7 Apr 2016

Three decades on the tail of Hector’s dolphins

From Our Changing World, 9:46 pm on 7 April 2016
Dolphin in mid air

A Hector's dolphin jumps out of the water - Steve Dawson thinks the splash when it lands is the dolphin equivalent of excited shouting. Photo: Steve Dawson / NZ Whale & Dolphin Trust

After 32 years and thousands of hours in the company of the world’s smallest dolphins, cetacean experts Professors Liz Slooten and Steve Dawson haven’t lost their boundless enthusiasm and drive to learn more about Hector’s dolphins.

Two to three mornings a week when the summer weather is calm enough, the University of Otago researchers head out onto Akaroa Harbour.

Partners in life as well as work, Profs Slooten and Dawson are a familiar sight zigzagging away from the small township of Akaroa, following the same route they do every trip.

Prof Dawson describes Hector’s dolphins as “incredibly boat-positive and very curious”.

“They’re wonderful little animals really,” he says. “Especially when they’re in a bigger group we can just turn [the engine] off and they’ll seem to centre their activities around the boat … it makes what we do much, much easier.”

Prof Slooten says that on a good summer’s day they might see 80 to 100 Hector’s dolphins in Akaroa Harbour, and that even on an average day they’ll probably encounter a few dozen.

Photo IDs

Two people on a small boat and a dolphin fin in the water nearby

Liz Slooten drives the boat and keeps an eye out for dolphins with notches in their fins, while Steve Dawson takes photos from the boat's bow Photo: RNZ / Alison Ballance

When they encounter a group of dolphins Prof Dawson gets out his camera, with its telephoto lens, and they spend time with the group, looking out for dolphins that have natural markings or ‘tags’.

“If there are any dolphins in the group with nicks out of the fin or colouration markings he’ll photograph those,” says Prof Slooten.

Back at base these photos are added to an ever-growing photo ID library, and compared to previous photos to see if these are familiar dolphins or new animals.

Prof Dawson says the natural markings are the best kind of tag he could hope for, and about 10 percent of the population is recognisable from these natural marks.

The photo catalogue includes about 300 dolphins that are still alive. As the study has been running for longer than a dolphin life span (Hector’s dolphins only live to 25) many of the original dolphins have now died. This number includes about 50 mature females that have been seen with at least one calf.

Counting every dolphin

Two people on a small boat

Professors Steve Dawson and Liz Slooten on their research boat in Akaroa Harbour Photo: RNZ / Alison Ballance

The pair’s career-long fascination with Hector’s dolphins, which they argue should be called New Zealand dolphins, began in 1984 when they surveyed 8300km of coastline in a 3.8m inflatable boat.  The six-month survey resulted in the first reliable data on the distribution of Hector’s dolphins and led to the creation of the New Zealand Whale and Dolphin Trust.

They have identified four genetically distinct populations of Hector’s dolphins: Maui’s dolphins are found on the west coast of the North Island, and the other three populations occur on the west, east and south coasts of the South Island.

Saving the dolphins

While Maui’s dolphin is currently estimated to number just 55 or so animals, the other populations together number just over 7000. Maui’s dolphins are listed as critically endangered, and the other populations as endangered.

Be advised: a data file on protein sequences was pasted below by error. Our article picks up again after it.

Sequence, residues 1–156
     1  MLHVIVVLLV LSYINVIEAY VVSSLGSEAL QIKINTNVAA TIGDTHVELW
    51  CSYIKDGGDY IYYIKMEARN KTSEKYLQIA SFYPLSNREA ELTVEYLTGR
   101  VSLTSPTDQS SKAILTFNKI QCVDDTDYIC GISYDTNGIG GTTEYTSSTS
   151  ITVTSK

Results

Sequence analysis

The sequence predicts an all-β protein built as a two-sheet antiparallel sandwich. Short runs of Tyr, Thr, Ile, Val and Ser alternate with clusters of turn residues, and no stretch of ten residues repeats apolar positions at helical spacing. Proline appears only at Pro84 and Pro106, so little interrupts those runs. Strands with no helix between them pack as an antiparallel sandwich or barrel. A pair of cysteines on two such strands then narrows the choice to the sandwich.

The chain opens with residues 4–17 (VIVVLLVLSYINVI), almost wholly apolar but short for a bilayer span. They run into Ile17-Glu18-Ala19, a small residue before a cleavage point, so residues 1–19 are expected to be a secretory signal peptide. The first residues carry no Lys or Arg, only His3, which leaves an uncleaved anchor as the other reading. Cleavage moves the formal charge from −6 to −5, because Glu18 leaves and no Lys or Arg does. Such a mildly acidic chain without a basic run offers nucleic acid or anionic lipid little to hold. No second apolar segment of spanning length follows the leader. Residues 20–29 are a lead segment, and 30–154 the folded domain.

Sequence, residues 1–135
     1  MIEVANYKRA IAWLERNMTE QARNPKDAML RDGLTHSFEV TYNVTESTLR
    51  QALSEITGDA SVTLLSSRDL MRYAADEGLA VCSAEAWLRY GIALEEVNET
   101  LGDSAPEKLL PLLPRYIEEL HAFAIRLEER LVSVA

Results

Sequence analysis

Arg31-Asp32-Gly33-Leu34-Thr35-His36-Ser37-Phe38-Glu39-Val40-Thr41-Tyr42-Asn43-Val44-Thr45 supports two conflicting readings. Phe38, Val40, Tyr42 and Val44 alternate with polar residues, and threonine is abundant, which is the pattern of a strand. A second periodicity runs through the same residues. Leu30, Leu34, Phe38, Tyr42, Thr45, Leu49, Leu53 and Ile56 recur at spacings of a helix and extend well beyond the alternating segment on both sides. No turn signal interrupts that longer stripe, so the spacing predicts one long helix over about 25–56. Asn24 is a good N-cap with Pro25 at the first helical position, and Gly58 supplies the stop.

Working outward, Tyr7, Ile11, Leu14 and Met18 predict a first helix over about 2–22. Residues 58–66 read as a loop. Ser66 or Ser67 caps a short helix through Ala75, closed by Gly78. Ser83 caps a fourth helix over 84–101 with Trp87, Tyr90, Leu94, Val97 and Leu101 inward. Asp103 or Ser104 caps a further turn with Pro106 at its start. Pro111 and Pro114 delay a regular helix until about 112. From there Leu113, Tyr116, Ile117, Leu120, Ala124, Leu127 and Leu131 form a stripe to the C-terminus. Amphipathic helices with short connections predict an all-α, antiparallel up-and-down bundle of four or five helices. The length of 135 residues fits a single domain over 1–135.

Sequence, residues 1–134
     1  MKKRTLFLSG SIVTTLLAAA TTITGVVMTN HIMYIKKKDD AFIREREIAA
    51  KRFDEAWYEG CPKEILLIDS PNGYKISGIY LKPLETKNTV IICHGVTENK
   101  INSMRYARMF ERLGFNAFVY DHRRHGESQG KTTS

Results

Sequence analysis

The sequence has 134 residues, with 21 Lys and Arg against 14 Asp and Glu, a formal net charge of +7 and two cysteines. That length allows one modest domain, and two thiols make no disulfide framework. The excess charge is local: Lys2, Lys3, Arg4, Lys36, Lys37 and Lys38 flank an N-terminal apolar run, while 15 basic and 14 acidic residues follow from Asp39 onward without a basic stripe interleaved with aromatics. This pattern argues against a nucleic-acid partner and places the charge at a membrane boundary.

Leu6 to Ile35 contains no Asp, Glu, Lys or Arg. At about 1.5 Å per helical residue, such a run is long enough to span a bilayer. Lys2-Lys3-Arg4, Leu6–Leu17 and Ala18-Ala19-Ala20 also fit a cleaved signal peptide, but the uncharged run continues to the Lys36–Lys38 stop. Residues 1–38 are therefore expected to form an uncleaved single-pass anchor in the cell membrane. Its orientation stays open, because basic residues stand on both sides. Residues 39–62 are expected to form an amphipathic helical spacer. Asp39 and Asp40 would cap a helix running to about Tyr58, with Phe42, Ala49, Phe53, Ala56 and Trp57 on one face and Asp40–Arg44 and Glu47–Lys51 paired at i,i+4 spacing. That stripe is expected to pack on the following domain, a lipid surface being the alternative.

Hector’s dolphins reproduce very slowly, with a female producing one calf on average every three years. This results in a low population growth rate of just 2 percent a year, and means the species is very vulnerable to any unnatural deaths, such as dolphins drowning in gill nets.

Prof Slooten says the population had been doing a “nosedive’ in the 1980s.

“When we started this study it wasn’t unusual to find dead dolphins floating around or on beaches, that had been caught in gill nets or trawl nets. So really it was carnage in the '80s and '90s,” says Prof Slooten.

A tattered Hector's dolphin fin

A male dolphin known as Fingers, from the ragged glove-like appearance of his dorsal fin, has been seen since 2005. Photo: Steve Dawson / NZ Whale & Dolphin Trust

They were appalled at the high number of dolphins they were seeing that had drowned in fishing nets and their strong science-based advocacy resulted in the creation of New Zealand’s first marine mammal sanctuary in Akaroa Harbour, in 1988. The sanctuary extends four nautical miles offshore but research has showed the dolphins range out to 20 nautical miles offshore in winter.

“We’ve now got this protection that’s ensured the population is no longer doing a nosedive, so now it’s somewhere between stable or very slowly decreasing, but we need to push the protection further offshore to allow the population to grow.”

‘Dolphins Down Under’

Prof Slooten says most people are stunned by the small size of the Hector’s dolphins, which are just 1.2-1.4 metres long. They are the most coastal of the four species of dolphins that are common in New Zealand waters and are recognisable by their rounded dorsal fin.

The Hector’s dolphin population in Akaroa Harbour is the basis of a booming ecotourism industry and each year thousands of people join trips on dolphin watching and dolphin swimming boats.

If you’d like to find out more about Hector’s dolphins, and Profs Slooten and Dawson's research project, their book ‘Dolphins Down Under - understanding the New Zealand dolphin’ (Otago University Press 2013) is a fascinating read. The book includes information on everything from dolphin acoustics to social behaviour.

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